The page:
Nature of Light: Light and Color

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Science Objects are two hour on-line interactive inquiry-based content modules that help teachers better understand the science content they teach. This Science Object is the third of four Science Objects in the Nature of Light SciPack. It provides conceptual and real world understanding of how the wavelengths of electromagnetic radiation affect the way they interact with different materials. We perceive differences of wavelength within the visible part of the spectrum as differences in color. Shorter wavelengths of light (blue) are scattered more by air molecules than longer wavelengths of light (red). When the atmosphere scatters sunlight—which is a mixture of all wavelengths—short-wavelength light (which gives us the sensation of blue) is scattered much more by air molecules than long-wavelength (red) light is. The atmosphere, therefore, appears blue and the sun seen through it by un-scattered light appears reddened. Also, materials that allow one range of wavelengths to pass through them may completely absorb others. For example, some gases in the atmosphere, including carbon dioxide and water vapor, are transparent to much of the incoming sunlight but absorb the infrared radiation from the warmed surface of Earth.

  • Elementary
  • Middle

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Reviews (8)
  • on Thu Sep 08, 2016 3:54 PM

I found this article to be very fascinating, just as I find learning about light very interesting. I think it is convenient that the article focused on the human eye when looking at color. I also found this article dealt with the topic of scattering light really well and made it interesting.

Brian S
Brian S

  • on Sat Feb 21, 2015 10:52 AM

Children always ask.This resource will help you explain the answer.

Robin Willig  (Rye Brook, NY)
Robin Willig (Rye Brook, NY)

  • on Tue Sep 02, 2014 7:34 AM

I really enjoy Science Objects. In 1-3 hours, the Nature of Light: Light and Color Science Object will help me re-learn, refresh, or learn for the first time some critical science concepts I will have to know to obtain my Science Educator credentials. I appreciate that I can complete them at my own pace, and that, if used as park of a SciPack, I have access to a content expert to go to for help. The NSTA Learning Center Science Objects are very beneficial!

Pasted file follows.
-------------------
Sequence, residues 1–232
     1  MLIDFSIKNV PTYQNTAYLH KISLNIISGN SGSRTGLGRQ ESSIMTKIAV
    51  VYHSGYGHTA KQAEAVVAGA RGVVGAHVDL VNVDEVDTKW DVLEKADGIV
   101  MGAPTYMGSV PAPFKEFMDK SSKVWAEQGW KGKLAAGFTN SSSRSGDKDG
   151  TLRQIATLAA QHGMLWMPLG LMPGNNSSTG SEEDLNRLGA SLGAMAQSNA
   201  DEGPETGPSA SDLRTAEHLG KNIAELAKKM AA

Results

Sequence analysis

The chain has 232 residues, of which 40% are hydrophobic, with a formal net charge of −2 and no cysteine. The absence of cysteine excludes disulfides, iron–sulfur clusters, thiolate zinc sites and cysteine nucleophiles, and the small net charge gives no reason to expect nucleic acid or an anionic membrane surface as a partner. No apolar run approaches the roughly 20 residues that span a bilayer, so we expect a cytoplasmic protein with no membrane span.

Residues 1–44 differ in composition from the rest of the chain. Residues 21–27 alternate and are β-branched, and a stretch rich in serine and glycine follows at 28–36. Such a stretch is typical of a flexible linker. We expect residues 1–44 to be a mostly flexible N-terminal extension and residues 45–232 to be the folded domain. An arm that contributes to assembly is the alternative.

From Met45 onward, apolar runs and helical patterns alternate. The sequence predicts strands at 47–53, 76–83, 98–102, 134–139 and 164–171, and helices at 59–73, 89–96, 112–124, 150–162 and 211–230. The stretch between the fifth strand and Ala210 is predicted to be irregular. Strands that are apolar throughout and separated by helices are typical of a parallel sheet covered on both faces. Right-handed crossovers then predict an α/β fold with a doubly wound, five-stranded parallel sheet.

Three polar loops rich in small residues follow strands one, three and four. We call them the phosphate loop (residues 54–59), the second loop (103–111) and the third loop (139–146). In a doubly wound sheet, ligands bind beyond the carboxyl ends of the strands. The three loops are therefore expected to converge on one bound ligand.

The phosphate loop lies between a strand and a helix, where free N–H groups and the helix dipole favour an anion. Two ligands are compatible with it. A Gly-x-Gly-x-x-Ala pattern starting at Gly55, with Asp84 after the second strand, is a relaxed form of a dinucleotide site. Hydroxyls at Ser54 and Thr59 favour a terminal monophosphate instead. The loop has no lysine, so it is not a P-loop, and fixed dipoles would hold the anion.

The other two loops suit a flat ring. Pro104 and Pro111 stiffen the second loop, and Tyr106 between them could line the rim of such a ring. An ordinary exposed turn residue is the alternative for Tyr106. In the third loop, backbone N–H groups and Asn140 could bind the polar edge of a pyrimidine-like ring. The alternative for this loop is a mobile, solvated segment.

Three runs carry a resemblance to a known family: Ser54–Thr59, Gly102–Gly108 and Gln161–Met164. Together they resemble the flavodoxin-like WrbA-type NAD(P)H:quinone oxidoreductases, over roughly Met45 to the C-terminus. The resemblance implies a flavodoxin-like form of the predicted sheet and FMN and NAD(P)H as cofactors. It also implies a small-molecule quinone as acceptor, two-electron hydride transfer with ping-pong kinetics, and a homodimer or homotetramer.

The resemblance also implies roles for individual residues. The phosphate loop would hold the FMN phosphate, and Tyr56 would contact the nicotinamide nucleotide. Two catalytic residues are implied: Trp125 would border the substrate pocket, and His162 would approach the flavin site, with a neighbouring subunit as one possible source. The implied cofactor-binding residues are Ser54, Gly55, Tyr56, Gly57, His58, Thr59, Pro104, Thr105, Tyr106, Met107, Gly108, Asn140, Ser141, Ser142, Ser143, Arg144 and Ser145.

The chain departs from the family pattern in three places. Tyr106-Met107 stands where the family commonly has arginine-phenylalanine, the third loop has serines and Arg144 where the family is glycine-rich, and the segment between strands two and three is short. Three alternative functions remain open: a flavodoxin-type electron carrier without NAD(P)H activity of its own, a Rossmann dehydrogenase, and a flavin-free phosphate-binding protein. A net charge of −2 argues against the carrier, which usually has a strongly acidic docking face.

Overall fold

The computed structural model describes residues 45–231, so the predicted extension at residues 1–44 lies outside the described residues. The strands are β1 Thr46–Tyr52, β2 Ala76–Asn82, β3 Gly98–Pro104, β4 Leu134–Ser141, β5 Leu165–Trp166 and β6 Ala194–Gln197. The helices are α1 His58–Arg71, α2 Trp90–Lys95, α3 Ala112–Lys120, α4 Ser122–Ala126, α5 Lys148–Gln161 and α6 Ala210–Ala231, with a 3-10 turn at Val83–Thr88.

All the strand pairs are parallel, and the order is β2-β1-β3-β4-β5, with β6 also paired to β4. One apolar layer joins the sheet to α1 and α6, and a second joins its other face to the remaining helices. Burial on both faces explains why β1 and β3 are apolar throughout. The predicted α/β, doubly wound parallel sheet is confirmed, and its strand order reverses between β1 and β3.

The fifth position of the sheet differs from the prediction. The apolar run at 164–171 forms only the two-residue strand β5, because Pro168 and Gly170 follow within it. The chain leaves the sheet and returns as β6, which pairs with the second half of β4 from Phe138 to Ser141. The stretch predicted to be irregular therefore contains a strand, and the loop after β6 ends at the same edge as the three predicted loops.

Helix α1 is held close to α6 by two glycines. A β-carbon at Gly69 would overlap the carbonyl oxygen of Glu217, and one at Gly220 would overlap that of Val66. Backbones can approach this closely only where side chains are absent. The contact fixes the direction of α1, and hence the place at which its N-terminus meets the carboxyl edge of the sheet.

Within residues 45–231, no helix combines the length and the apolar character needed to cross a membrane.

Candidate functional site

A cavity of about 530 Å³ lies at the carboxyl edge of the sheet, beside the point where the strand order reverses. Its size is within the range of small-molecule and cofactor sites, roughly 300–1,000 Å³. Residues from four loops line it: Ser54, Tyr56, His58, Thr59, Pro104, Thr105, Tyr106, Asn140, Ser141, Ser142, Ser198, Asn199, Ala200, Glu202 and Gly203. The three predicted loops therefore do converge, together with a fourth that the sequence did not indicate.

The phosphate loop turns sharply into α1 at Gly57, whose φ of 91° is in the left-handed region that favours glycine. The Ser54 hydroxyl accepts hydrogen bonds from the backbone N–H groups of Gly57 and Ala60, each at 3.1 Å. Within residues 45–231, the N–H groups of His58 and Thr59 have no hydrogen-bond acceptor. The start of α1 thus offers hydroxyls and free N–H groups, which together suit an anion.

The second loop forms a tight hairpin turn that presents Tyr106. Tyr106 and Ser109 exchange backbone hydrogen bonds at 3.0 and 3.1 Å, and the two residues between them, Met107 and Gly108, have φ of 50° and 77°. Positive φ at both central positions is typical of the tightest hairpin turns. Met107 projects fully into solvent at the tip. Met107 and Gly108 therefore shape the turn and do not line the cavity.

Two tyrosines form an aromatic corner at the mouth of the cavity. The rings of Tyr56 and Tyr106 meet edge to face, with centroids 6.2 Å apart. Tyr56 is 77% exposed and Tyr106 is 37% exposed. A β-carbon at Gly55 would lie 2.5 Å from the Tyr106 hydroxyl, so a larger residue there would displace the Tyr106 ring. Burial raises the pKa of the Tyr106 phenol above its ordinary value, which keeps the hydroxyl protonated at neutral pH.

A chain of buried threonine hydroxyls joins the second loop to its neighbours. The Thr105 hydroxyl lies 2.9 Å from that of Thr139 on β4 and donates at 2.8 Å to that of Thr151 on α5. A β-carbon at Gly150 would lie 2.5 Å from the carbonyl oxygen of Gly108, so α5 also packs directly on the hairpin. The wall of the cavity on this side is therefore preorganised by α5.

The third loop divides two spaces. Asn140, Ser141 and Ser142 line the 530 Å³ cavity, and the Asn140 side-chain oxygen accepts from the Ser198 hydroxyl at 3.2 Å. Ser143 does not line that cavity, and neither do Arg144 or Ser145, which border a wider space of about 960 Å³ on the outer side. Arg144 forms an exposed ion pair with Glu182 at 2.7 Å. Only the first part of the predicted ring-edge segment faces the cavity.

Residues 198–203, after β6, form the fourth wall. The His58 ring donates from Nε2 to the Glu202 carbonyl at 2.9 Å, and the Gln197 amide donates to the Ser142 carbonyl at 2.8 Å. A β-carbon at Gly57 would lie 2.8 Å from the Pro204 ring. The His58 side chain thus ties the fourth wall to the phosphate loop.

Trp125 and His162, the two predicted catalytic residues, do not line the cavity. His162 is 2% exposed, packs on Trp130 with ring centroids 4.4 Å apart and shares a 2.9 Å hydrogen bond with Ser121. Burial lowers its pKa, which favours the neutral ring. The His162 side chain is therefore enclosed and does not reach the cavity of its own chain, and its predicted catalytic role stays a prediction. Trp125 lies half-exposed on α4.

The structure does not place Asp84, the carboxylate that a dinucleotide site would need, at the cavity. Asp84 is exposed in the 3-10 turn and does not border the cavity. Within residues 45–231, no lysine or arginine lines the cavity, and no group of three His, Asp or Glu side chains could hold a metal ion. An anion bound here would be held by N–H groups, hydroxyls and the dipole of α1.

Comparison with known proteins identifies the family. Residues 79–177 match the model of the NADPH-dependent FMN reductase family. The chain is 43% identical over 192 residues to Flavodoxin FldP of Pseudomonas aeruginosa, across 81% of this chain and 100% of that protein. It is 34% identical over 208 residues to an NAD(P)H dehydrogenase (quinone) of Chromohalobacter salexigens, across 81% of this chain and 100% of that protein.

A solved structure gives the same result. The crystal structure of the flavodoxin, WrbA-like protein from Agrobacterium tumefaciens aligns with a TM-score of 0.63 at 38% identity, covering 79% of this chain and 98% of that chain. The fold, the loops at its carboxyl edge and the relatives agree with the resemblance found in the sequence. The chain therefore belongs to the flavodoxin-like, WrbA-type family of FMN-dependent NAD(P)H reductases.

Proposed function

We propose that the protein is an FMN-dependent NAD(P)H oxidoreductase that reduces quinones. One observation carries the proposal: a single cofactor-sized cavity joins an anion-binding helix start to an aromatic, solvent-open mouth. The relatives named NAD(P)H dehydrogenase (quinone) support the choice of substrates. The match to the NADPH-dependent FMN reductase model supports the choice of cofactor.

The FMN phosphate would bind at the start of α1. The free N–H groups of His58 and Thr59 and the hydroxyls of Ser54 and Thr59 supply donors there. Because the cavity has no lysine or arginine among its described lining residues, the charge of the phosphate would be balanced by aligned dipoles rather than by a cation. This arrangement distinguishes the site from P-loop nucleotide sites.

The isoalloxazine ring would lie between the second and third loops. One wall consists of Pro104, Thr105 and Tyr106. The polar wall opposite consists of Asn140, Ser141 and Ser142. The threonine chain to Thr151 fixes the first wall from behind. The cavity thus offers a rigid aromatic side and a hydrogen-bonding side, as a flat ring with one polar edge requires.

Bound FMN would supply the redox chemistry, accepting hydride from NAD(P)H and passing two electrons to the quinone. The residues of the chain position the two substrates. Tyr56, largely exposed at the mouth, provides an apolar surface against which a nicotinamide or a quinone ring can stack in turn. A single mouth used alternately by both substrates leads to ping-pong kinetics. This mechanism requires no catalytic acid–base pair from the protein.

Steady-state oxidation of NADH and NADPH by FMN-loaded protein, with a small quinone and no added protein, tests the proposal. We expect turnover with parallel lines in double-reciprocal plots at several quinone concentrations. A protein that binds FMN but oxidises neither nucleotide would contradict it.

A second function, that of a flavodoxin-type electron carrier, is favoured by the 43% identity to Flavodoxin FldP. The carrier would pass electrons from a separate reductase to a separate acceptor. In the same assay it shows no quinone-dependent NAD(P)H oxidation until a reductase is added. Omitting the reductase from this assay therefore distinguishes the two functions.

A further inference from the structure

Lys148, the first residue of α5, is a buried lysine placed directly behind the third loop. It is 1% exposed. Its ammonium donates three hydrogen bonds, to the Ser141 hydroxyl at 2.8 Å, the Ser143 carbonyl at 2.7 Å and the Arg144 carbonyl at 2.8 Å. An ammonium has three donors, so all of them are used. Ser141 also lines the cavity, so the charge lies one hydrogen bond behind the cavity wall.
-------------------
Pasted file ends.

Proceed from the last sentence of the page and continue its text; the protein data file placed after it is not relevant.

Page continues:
Naomi Beverly  (Marietta, GA)
Naomi Beverly (Marietta, GA)

  • on Sun Jan 27, 2013 9:03 PM

I had forgotten how straightforward and easy to use the Science Objects are. I like the immediate feedback on the questions and the explanations. Also, you can jump around and do the activities out of order if you wish. Like to use these in my science classes.

James Johnson  (Custer City, PA)
James Johnson (Custer City, PA)

  • on Tue Jan 31, 2012 3:47 PM

Light and Color provides an intricate look at the visual spectrum. This Science Object does an excellent job of taking a 'somewhat' complex topic and breaking it down into terms that even the most apprehensive of learners could comprehend. Excellent Job.

Lorrie Armfield  (Laurel, MD)
Lorrie Armfield (Laurel, MD)

  • on Fri Dec 30, 2011 1:03 AM

I loved this Science Object! I couldn't write enough good things about it. This material was presented...perfectly. I was very pleased and very happy I took the time to spend on it!

Brandy Stewart
Brandy Stewart

  • on Sun Jun 19, 2011 8:08 PM

This Science Object is the third in a series of four lessons about the Nature of Light. This lesson focuses on the colors we perceive by human eyes and why we see them as such. It also talks about the difference between mixing colors of lights as opposed to mixing colors of "paint". I recommend this Object for Middle School and High School teachers.

Sue Garcia
Sue Garcia

  • on Tue May 05, 2015 3:48 PM

I enjoyed this because light waves and what we see because of them has always been very interesting to me. I find it interesting to learn about rainbows and how all of them are the same. The diagrams were explanatory and helpful to look at to explain different things.


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